IT is not clear who had been frying Jack Richmond’s bacon – but it certainly wasn’t his wife.
“Elizabeth Richmond’s frying pan had not been used in love for some time, and the poor woman was none-too-pleased,” said Norman Kirtlan, who has just penned a book on Wearside murders.
“And so it was, on June 25, 1881 – when Jack finally returned home and produced four rashers – that Mrs R stood with her hands on her hips and enquired exactly what she should do with them.”
“My breakfast!” said Jack, nodding towards the rashers of best belly. “Fry my breakfast.”
Elizabeth, however, had had enough. Folding her arms across her pinny, she refused to do as she had been ordered.
“It was clear that something was going to sizzle that morning, and it wasn’t going to be Jack’s bacon sarnie,” said Norman, map archivist for Sunderland Antiquarian Society.
Jack’s visit to his Harper Terrace home was witnessed by a neighbour, Mrs Armstrong, who reported a “crash and a thud” followed just minutes later – before Jack hurried back out into the street.
“Being a good neighbour, she dashed downstairs. Pushing open the Richmond’s door, she saw what she believed to be a bundle of washing, with a big pool of blood underneath it,” said Norman.
“Her screams brought neighbours from near and far.
“Two of the less squeamish lifted Elizabeth. Blood oozed from her skull, and pieces of bone and brain were matted in the poor woman’s hair.”
Meanwhile, so an inquest into Elizabeth’s death at the Mountain Daisy pub was told, Jack Richmond made his way along Hylton Road, telling “all and sundry” about what he had done.
Millfield resident Hannah Patterson was the first to bump into him, with Jack wasting no time in telling the startled lady: “Be quick up and see her, as I’ve finished her this time.”
News of the savage beating quickly reached the ears of local bobby PC Hutton, who had to push through a packed crowd of onlookers to reach Mrs Richmond. She was still alive, but only just.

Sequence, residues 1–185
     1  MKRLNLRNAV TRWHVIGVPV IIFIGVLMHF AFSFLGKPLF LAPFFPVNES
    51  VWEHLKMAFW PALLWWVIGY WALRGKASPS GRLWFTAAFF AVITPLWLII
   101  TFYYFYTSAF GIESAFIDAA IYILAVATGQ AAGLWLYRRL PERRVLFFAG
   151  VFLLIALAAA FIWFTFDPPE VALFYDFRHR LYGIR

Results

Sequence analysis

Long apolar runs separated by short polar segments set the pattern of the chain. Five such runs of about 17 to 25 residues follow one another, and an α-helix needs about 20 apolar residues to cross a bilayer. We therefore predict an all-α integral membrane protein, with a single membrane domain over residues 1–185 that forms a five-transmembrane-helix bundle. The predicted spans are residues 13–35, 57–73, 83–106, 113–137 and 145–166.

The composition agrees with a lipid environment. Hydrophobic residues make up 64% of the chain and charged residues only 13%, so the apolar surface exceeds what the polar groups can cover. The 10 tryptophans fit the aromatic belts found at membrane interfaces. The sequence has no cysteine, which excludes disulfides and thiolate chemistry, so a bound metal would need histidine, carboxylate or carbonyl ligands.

“Calling for a lad to fetch the ambulance barrow, he looked around the kitchen for evidence,” said Norman. “And there it was, lying under the table, a very bent and very bloody poker.”
As Elizabeth was carried off to the hospital, so her husband was confessing all to local hairdresser Alexander Sunley.
After revealing that Elizabeth had refused to fry his bacon, Jack added: “And then she turned and seized me! The passion got the better of me and I lifted the poker again and felled her with it. I left her for dead.”
The bones of Elizabeth’s skull were left “in shards” by the attack, while her brain a “pulpy mess”. It took several hours, however, for her to die.
In a strange twist of fate, Jack was duly sentenced to death at the gallows – but for some reason a petition was raised by Sunderland folk. He was reprieved and served a custodial sentence instead.
“It seems as though, while bacon very definitely sent Jack into a sizzle, porridge had the opposite effect,” said Norman.
“Seven years later, on May 11, 1888, the Sunderland Daily Echo carried a small article concerning Jack’s rehabilitation – and revealed he had been released.”
Sidebar: Shocking murder
A murder shocked the village of Bishopwearmouth in Victorian times – and brought work at Robson’s Flour Mill to a very sudden halt.